Amphotericin B or Azoles Plus Caspofungin
Studies of the in vitro activity of amphotericin B plus caspofungin have found indifference and additive or synergistic effects against various isolates of Candida, Aspergillus, and Cryptococcus, with the type of effect varying according to the isolate. There are 3 case reports with successful outcome, including 1 report focusing on the combination of amphotericin B and caspofungin to treat aspergillosis, and 2 reports on the combination of itraconazole and caspofungin in A fumigatus and A terreus infections.11 Clinical trial data are needed to evaluate these combinations more fully.
Several other combinations of antifungal agents have been studied in vitro. Amphotericin B plus rifampin has shown additive and synergistic effects against Candida and Aspergillus species, whereas combinations of amphotericin B plus a quinolone and fluconazole plus a quinolone have shown additive and synergistic effects against Candida and Mucoraceae species. Another combination, fluconazole plus cyclosporine, has shown additive and synergistic effects in vitro against C albicans.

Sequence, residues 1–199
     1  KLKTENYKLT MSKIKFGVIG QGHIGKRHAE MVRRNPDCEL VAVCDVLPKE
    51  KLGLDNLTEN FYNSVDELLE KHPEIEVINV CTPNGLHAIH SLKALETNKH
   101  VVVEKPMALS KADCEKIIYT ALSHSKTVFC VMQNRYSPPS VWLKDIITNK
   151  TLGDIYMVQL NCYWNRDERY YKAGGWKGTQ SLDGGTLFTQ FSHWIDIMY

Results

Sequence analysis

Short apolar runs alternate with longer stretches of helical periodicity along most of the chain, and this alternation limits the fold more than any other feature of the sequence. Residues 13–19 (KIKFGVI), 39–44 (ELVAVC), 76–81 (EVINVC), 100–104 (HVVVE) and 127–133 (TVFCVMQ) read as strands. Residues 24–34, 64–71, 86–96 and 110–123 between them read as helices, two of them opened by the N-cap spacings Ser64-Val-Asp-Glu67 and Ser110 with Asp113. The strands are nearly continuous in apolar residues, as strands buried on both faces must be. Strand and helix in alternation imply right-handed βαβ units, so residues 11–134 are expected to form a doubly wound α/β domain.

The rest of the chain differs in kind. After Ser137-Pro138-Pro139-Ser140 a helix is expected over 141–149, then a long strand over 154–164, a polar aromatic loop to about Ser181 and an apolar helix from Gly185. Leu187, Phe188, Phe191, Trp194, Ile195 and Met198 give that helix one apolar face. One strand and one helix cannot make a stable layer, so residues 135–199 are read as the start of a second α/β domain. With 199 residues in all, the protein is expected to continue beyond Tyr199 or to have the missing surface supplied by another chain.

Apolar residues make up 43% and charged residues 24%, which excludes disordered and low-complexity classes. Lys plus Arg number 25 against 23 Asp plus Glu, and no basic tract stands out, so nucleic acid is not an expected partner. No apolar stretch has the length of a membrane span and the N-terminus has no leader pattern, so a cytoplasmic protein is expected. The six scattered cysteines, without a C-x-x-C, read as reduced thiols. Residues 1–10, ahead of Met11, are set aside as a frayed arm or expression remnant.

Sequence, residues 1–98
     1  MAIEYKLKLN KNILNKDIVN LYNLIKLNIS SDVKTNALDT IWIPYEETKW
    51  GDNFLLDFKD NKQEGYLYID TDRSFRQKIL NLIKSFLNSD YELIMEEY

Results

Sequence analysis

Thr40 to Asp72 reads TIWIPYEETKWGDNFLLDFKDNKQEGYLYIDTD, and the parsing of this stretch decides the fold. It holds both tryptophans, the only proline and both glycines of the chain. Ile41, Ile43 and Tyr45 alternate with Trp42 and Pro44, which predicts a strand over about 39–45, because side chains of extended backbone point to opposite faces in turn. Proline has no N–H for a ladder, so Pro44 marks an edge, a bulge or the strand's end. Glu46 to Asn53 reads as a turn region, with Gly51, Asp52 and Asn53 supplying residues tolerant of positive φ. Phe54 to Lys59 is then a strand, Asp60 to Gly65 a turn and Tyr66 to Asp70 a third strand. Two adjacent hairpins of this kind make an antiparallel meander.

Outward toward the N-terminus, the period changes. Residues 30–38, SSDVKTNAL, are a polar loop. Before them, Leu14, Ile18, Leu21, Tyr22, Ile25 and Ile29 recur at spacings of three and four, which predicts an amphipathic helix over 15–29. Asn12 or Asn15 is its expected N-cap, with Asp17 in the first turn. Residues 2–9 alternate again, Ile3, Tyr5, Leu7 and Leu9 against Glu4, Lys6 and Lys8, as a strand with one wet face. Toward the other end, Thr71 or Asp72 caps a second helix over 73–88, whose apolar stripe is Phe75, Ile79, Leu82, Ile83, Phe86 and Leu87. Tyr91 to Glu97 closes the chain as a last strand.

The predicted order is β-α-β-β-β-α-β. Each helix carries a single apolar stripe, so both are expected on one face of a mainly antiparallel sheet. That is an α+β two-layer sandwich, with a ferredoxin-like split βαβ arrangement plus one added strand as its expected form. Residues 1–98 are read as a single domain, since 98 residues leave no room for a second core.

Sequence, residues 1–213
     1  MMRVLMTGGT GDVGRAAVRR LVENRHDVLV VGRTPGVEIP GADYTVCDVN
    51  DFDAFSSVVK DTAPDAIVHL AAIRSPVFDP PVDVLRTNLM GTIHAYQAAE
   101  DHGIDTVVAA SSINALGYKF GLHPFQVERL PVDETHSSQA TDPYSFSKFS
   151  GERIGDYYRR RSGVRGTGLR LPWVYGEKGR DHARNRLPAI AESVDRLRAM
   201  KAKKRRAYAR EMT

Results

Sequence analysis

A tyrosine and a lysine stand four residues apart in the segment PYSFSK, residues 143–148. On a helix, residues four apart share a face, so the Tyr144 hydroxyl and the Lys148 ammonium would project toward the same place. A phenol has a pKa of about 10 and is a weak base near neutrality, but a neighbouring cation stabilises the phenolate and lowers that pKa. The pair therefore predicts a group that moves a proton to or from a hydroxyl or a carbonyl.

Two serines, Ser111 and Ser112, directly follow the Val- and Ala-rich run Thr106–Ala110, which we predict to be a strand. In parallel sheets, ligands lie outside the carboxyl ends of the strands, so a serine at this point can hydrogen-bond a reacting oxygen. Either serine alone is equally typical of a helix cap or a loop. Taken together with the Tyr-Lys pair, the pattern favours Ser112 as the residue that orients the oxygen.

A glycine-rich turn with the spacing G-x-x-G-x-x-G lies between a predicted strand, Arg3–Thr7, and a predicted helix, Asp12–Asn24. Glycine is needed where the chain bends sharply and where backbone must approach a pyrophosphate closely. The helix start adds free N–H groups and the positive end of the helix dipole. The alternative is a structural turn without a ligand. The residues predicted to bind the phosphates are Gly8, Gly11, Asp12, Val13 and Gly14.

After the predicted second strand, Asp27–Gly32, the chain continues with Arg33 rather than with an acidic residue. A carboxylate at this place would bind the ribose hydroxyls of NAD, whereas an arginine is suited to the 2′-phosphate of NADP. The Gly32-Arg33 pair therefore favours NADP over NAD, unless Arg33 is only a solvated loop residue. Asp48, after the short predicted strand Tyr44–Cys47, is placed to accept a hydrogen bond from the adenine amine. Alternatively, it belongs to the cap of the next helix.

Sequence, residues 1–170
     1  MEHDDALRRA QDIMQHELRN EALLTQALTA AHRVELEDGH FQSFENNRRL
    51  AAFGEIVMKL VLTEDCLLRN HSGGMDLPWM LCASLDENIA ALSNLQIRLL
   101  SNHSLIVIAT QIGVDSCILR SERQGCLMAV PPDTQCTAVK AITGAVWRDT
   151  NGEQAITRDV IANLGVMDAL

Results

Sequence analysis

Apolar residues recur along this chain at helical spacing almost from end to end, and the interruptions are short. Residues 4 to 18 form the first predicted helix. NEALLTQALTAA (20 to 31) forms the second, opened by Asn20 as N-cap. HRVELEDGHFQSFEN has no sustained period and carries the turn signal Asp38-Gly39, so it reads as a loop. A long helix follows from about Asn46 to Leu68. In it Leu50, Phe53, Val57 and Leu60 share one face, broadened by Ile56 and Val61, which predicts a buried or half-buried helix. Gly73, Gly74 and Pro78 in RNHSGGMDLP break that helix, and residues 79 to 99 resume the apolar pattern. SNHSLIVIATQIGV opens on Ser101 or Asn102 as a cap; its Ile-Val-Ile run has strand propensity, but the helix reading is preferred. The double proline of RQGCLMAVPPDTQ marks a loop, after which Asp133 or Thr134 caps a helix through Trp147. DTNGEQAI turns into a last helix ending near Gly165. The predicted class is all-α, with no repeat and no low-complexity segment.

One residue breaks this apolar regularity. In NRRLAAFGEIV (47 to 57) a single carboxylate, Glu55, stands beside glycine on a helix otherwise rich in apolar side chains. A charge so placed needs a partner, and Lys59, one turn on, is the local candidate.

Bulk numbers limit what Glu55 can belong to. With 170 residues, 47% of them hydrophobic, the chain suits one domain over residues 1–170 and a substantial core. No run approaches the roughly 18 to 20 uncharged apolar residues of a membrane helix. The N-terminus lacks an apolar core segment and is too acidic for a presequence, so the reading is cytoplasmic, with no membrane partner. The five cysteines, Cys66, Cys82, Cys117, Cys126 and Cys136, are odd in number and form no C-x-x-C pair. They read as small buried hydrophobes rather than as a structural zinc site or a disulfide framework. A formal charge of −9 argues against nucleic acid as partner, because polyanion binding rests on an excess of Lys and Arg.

Of the various antifungal combinations described here, there are clinical trial data for only 3 of them: amphotericin B plus flucytosine, amphotericin B plus azoles, and azoles plus flucytosine. Except for the efficacy of amphotericin B plus flucytosine against Cryptococcus infection, none of the 3 combinations was clearly superior to monotherapy.